Cover Story: 24 Jews who are changing the world (The Canadian Jewish News)

CJN Staff, Wednesday, April 1, 2015logo 2014

Change may be inevitable, but it’s not easy. It requires vision, inspiration and bravery to make it happen. Over the past few months, we here at The CJN have been thinking a lot about change in the Jewish community and how it affects where Canadian Jewry is headed in the future. And that’s what prompted us to take a closer look at some of the young innovators taking our religion, and our community, in bold new directions.

The 24 visionaries profiled in this week’s edition are re-examining age-old understandings of Judaism, with an eye to furthering our tradition in ways some of us probably hadn’t even considered before. And in their enthusiasm, their passion – even their audacity – for a Jewish future, we find hope and excitement. If they can find a way to move Judaism forward, perhaps all of us can in our own unique ways.

Helping young people pursue social justice

Danny Richmond, 29, wants to ensure that young Jews interested in effecting positive change in the world are equipped with the appropriate tools, be it through education or direct opportunities to take action.

The Toronto native has spent over a decade working in youth leadership, community mobilization and international development.

At 24, he was one of 30 young leaders from across North America and the United Kingdom to be a fellow at the Tony Blair Faith Foundation, and through the program he worked to build interfaith co-operation in Toronto and develop a national campaign for malaria prevention.

Two years ago, Richmond brought his passion for social justice to the Jewish charity Ve’ahvata, where he founded a department of youth leadership and became its director. In this role, he helps facilitate a range of programs designed to engage young Jews in community-building and global citizenship. The department is currently developing workshops directed at Jewish day schools, youth and bar/bat mitzvah groups, which will address issues of poverty, social inclusion and homelessness.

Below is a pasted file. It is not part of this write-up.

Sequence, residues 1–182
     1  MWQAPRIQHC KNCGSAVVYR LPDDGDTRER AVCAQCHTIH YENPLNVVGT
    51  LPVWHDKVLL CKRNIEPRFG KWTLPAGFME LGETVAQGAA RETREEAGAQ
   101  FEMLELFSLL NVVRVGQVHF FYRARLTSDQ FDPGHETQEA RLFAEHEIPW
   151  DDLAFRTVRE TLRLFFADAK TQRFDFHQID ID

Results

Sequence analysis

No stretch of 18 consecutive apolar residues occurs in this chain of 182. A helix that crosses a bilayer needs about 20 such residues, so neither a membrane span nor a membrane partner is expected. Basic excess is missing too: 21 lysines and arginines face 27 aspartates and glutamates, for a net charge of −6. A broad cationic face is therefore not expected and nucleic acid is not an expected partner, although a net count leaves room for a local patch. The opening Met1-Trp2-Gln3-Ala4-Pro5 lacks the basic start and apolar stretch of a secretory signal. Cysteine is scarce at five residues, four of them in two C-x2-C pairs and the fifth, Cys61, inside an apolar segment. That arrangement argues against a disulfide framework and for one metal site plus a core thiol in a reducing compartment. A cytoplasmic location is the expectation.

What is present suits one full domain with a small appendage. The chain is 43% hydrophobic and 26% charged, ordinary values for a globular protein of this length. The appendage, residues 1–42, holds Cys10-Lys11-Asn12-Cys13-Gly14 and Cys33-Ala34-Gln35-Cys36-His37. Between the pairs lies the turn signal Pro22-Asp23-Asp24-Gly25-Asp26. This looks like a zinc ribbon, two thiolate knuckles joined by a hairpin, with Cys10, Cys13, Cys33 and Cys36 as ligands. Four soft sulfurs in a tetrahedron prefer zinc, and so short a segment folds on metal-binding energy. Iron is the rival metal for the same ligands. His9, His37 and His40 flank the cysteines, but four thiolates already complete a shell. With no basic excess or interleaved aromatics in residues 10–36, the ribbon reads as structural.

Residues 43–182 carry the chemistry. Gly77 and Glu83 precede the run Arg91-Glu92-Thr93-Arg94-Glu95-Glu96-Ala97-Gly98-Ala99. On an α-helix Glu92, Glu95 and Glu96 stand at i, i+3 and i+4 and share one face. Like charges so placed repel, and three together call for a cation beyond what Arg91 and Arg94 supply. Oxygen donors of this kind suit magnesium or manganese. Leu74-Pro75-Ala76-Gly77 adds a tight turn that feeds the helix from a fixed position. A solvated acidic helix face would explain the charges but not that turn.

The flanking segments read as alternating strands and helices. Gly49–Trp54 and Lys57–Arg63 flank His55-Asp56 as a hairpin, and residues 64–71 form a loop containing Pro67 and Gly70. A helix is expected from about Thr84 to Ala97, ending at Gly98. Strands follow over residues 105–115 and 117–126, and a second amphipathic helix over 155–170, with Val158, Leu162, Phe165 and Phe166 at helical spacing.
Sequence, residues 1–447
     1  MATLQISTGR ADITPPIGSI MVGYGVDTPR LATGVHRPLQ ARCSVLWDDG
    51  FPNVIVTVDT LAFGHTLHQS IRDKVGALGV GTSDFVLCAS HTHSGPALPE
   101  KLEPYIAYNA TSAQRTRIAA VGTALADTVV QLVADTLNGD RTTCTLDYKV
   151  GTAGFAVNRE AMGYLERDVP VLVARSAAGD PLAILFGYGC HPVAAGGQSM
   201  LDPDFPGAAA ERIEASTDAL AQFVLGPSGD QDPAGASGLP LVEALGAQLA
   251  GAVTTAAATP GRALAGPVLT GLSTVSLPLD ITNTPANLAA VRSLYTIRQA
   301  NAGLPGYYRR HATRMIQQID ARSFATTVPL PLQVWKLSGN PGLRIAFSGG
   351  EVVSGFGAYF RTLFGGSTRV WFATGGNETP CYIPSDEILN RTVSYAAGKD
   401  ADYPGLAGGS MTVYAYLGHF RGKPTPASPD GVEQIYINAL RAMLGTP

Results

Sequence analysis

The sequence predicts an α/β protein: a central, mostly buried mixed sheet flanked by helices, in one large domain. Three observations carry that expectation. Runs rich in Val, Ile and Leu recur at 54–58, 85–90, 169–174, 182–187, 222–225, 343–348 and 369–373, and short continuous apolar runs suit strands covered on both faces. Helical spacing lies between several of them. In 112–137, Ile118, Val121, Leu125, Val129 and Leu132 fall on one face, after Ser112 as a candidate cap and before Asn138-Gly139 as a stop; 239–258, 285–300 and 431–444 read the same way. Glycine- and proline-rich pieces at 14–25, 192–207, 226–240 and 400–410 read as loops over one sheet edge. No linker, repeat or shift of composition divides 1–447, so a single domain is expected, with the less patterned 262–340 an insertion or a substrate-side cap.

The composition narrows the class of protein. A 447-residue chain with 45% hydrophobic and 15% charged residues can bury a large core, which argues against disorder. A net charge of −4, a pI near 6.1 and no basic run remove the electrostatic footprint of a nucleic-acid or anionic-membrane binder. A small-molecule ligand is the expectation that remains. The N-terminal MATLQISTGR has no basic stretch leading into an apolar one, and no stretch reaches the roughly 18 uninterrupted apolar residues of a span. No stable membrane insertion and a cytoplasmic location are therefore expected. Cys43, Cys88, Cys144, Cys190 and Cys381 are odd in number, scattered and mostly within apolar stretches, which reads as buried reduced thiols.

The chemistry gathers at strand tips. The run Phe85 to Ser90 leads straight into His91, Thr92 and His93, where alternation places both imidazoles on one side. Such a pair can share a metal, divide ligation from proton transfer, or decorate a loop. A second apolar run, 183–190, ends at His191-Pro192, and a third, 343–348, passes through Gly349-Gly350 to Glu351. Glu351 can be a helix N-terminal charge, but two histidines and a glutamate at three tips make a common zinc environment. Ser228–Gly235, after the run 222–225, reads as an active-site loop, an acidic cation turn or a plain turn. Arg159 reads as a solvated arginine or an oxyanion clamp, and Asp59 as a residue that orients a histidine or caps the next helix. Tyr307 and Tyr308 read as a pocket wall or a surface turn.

It’s also working to integrate aboriginal history and education into Jewish day school curricula.

“I think a lot of our Jewish institutions have spent time building a strong community,” Richmond said, “but it can sometimes seem like we only interact with the wider world when we feel threatened…We’ll talk about poverty, but it’ll only be Jewish poverty.

“I’d rather see a discussion around poverty in general being a Jewish issue, whether or not the poor people are Jewish…We need to widen our circle of responsibility.”

An advocate for youth leading youthDalia-Krusner-1

At 24, Dalia Krusner, executive director of Heart to Heart, a program that aims to address the divide between Israeli Jews and Palestinians, understands the value of youth leadership.

“I am a big advocate of youth leading youth, youth leadership and the power of youth,” said Krusner, who also works at Ve’ahavta as its youth leadership manager.

“I’ve had a lot of experience with Israel and Palestine in many different ways. It is something I’ve studied in school and I’ve lived in Israel for various short periods of my life… This is one of the only things I’ve experienced that has given me hope and some idea of how to move forward.”

Founded in 2011, Heart to Heart is a program born out of a partnership between Hashomer Hatzair/Camp Shomria in Canada and the Givat Haviva Education Foundation in Israel, an Israeli non-profit organization dedicated to promoting equality, and co-operation among Israelis.

Each summer, a group of 20 14-year-old Israelis – half of whom are Jewish and half of whom are Palestinian – fly to Canada and spends about three weeks together at Camp Shomria in Perth, Ont.

Krusner grew up in Toronto and was involved with Camp Shomria and Hashomer Hatzair, which she said was a big influence on her Jewish identity.

She was deeply influenced as a former Camp Shomria camper, and said one of the most rewarding parts of her work with Heart to Heart is seeing how quickly the campers grow.

“Seeing that massive transformation and how they treat each other and how they interact with the world in just three weeks [is rewarding],” she said.

To read full article, please see The Canadian Jewish News.

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